We here at Iacon Underground love the TF Wiki. Some of us write for it! (Others have been discouraged due to our strong but not necessarily canonical feelings on subjects such as the Aerialbots’ team dynamic and the origins of Mini-Cons.) So once a week, on the appropriately alliterative Wednesday, we’re going to highlight a page from the site.
For our inaugural post, we’ve picked someone you may be hearing a lot about this month. But just who is this character? And what is his history with the Transformers?
Jesus is presumably a human, but no facts are directly known about him or her, only other people’s claims. For example, Sam Witwicky and his teacher both agree that, if Jesus were in the teacher’s shoes, he would give the boy a dishonestly inflated grade to trick Sam’s father into buying Sam “a car.”
Click on over to the TF Wiki to find out more!
At just just $3,000 shy of its production funding goal with 70 hours left, the Kickstarter campaign for Trent Troop’s “Bio-Mechanical Ordinance Gestalts” (BMOG) project still needs your help! Designed by longtime fan community members Troop, Alex Androski, and Greg Sepelak, BMOG is a series of animal companions for your action figures that separate into weapons and accessories for anything using a 5mm port – including modern Transformers. The Kickstarter will fund production of the first two in the series: Mantax, a manta ray, and Ursenal, a “bear made of guns” – the origin of BMOG.
The campaign welcomes pledges of any amount, but a mere $15 will get you Mantax, $20 will get you Ursenal, and $30 will get you both – but only if it gets funded! Let’s help some fellow fans make toys!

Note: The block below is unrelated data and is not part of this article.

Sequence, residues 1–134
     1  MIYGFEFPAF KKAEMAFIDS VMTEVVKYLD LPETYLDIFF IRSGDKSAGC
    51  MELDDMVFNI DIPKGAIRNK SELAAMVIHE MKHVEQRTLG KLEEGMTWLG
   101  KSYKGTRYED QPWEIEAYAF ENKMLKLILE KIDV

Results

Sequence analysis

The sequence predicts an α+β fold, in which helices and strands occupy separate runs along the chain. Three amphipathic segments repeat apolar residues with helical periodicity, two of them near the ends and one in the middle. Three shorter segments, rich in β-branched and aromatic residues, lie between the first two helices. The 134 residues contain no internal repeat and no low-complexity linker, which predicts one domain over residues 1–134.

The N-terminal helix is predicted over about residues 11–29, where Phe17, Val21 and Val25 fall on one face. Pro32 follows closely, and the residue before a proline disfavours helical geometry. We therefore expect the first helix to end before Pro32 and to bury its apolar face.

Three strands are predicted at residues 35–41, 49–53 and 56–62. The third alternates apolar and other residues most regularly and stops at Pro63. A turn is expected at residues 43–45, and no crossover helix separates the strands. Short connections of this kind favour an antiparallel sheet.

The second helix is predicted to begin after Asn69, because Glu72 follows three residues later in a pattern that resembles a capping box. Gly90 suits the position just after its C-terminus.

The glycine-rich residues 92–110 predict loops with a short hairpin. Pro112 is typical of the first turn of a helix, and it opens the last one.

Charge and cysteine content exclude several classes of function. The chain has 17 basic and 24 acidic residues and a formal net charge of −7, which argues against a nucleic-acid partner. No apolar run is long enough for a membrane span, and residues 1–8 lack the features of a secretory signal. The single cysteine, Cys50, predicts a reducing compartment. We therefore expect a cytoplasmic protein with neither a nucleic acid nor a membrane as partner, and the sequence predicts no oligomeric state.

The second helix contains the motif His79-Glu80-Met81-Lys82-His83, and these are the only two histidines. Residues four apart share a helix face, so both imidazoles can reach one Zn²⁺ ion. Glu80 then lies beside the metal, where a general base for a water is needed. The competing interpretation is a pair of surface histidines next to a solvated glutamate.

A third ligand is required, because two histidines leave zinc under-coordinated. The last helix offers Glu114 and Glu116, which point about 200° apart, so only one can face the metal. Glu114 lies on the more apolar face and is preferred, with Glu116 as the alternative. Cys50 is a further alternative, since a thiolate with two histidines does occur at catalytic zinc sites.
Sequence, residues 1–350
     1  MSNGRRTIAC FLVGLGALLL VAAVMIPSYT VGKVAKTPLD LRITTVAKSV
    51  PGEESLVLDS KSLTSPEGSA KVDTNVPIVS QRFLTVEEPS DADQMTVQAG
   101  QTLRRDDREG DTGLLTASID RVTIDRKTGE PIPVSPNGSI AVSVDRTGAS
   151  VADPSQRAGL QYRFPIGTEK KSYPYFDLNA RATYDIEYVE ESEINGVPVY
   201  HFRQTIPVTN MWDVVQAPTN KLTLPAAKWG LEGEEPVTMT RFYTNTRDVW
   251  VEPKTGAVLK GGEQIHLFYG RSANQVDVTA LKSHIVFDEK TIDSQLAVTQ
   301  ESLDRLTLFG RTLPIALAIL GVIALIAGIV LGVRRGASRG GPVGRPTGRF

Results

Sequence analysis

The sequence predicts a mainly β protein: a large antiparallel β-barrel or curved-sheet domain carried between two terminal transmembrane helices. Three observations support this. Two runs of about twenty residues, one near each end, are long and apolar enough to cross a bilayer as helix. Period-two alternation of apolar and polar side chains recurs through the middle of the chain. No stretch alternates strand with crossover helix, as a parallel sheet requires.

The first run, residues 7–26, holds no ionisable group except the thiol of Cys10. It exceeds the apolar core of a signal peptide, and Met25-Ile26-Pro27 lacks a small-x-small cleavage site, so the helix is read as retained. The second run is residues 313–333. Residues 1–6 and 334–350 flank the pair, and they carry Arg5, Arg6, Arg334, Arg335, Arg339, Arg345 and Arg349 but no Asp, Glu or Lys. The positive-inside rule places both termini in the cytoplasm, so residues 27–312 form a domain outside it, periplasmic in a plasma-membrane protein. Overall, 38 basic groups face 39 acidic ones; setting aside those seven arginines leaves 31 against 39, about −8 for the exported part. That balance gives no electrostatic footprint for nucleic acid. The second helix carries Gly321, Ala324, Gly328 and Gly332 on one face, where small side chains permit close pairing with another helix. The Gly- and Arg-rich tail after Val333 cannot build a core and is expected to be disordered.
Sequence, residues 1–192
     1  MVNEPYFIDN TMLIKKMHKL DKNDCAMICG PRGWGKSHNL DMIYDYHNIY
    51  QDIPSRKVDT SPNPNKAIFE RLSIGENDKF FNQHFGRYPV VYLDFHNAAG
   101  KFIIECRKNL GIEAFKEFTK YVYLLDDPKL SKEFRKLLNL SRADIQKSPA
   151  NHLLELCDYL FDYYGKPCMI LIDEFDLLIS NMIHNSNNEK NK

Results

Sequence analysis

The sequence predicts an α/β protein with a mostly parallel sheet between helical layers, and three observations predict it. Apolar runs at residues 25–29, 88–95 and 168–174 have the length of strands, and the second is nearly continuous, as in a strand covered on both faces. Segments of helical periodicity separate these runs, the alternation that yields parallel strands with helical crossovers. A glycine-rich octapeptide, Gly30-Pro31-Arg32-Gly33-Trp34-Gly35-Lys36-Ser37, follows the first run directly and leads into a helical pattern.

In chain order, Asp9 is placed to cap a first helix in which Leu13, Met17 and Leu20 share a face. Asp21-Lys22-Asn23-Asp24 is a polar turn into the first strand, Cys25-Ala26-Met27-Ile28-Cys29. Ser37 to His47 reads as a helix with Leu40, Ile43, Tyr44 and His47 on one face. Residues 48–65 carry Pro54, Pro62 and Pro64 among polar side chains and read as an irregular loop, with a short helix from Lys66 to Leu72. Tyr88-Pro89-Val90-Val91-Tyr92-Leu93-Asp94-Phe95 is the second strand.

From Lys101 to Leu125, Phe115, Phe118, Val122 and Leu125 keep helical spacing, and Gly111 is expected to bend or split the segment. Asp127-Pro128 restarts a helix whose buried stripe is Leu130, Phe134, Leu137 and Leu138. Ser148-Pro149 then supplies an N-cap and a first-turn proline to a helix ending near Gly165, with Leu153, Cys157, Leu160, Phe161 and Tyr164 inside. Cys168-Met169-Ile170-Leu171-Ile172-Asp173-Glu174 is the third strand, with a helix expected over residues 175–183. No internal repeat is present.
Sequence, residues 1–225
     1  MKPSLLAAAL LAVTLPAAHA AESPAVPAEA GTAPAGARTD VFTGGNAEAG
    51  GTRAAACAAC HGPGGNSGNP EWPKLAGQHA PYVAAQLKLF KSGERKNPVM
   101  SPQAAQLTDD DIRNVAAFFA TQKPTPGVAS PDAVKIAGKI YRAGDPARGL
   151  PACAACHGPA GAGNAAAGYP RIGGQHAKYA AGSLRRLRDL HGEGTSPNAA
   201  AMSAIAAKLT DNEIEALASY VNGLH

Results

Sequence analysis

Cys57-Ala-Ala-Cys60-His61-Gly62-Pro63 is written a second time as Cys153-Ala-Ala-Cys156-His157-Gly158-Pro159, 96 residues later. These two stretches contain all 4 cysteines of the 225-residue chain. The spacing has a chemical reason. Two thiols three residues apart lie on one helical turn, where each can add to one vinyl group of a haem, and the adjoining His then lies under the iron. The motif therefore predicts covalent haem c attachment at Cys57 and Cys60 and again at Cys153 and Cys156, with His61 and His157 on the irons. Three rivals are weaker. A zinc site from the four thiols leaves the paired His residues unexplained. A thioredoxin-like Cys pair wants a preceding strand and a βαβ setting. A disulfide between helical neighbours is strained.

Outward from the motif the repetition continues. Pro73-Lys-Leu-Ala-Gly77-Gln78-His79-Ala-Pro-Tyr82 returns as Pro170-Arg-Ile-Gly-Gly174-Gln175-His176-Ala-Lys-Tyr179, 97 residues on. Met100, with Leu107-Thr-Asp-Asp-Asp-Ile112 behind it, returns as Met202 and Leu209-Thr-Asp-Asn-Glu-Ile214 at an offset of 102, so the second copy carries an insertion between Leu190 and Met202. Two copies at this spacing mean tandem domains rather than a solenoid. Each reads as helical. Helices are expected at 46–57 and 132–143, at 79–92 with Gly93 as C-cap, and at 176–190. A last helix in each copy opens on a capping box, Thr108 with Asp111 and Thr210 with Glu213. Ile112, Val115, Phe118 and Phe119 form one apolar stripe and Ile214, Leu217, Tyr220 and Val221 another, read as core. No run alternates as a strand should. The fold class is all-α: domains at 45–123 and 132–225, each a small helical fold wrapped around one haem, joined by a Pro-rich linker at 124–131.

It’s considered a given that Transformers stories will have a few Token Humans as part of the regular cast. Only the Beast series managed to avoid it. And in a lot of quarters it’s argued that, while they’re sometimes annoying and sometimes, like in the live action movies, take up WAY too much screen time, they’re absolutely necessary narrative devices to give audiences, especially audiences of children, someone to relate to.
But with a cast of alien robots who are psychologically nearly indistinguishable from humans, do we really need humans so we have someone to relate to?
Continue reading Do Transformers Stories NEED Humans?
There’s been a lot of buzz about Transformers-inspired toys made by third parties over the last few years, but over on Kickstarter there’s a campaign to fund something more than just an updated Galvatron or Devestator: BMOG, or Bio-Mechanical Ordinance Gestalts, animal partners for your Transformers that break down into weapon sets!
Created by Trent Troop, Alex Androski, and Greg Sepelak, all of whom have both been active in the fandom and involved with official Transformers work for Hasbro, BMOG takes advantage of the 5mm peg size that’s lately become standard with many toy lines including Transformers. On their blog they’re keeping a running list of toy lines compatible with that size as they find them, and it currently includes mainstays like Lego and TMNT as well as some older and more obscure lines like Starriors and Superhuman Samurai Syber Squad.
The Kickstarter campaign offers the smaller Mantax toy for a $15 pledge, Ursenal at $20, or both at $30, with additional colors and options available at higher levels. And, of course, you can bid as little as $1 just to show your support.
I present myself at age 10, on Christmas Day, being utterly inscrutable with my new Punch/Counterpunch and Race Car Patrol. Why was I lining the Micromasters up along the top of Punch’s box? The world may never know.
For an American, knowledge of the Transformers fandom outside of the United States in the ’90s was fairly limited; not so surprising when one considers how limited the information about the line itself outside the US was, mind you, but the twin barriers of language and fledgling global inter-connectivity made foreign communications rather dicey all around. In particular, Japan was a cornucopia of mysteries, with brief English episode synopses and thumb-sized pictures of the country’s various toy offerings being the norm.